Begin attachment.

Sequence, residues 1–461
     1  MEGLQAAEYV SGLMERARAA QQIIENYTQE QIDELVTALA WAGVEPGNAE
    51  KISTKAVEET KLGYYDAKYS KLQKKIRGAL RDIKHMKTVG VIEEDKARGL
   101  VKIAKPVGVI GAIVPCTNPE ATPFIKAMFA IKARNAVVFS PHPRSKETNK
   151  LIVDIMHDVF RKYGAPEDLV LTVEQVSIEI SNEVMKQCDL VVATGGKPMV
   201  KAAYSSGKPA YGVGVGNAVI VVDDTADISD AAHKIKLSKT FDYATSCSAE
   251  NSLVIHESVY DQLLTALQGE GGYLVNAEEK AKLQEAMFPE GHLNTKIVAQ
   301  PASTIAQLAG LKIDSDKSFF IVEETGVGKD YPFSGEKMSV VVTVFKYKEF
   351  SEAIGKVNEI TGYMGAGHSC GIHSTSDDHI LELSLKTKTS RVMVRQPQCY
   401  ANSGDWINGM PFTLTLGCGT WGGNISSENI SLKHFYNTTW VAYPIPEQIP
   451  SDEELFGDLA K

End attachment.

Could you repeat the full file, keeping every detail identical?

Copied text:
Sequence, residues 1–461
     1  MEGLQAAEYV SGLMERARAA QQIIENYTQE QIDELVTALA WAGVEPGNAE
    51  KISTKAVEET KLGYYDAKYS KLQKKIRGAL RDIKHMKTVG VIEEDKARGL
   101  VKIAKPVGVI GAIVPCTNPE ATPFIKAMFA IKARNAVVFS PHPRSKETNK
   151  LIVDIMHDVF RKYGAPEDLV LTVEQVSIEI SNEVMKQCDL VVATGGKPMV
   201  KAAYSSGKPA YGVGVGNAVI VVDDTADISD AAHKIKLSKT FDYATSCSAE
   251  NSLVIHESVY DQLLTALQGE GGYLVNAEEK AKLQEAMFPE GHLNTKIVAQ
   301  PASTIAQLAG LKIDSDKSFF IVEETGVGKD YPFSGEKMSV VVTVFKYKEF
   351  SEAIGKVNEI TGYMGAGHSC GIHSTSDDHI LELSLKTKTS RVMVRQPQCY
   401  ANSGDWINGM PFTLTLGCGT WGGNISSENI SLKHFYNTTW VAYPIPEQIP
   451  SDEELFGDLA K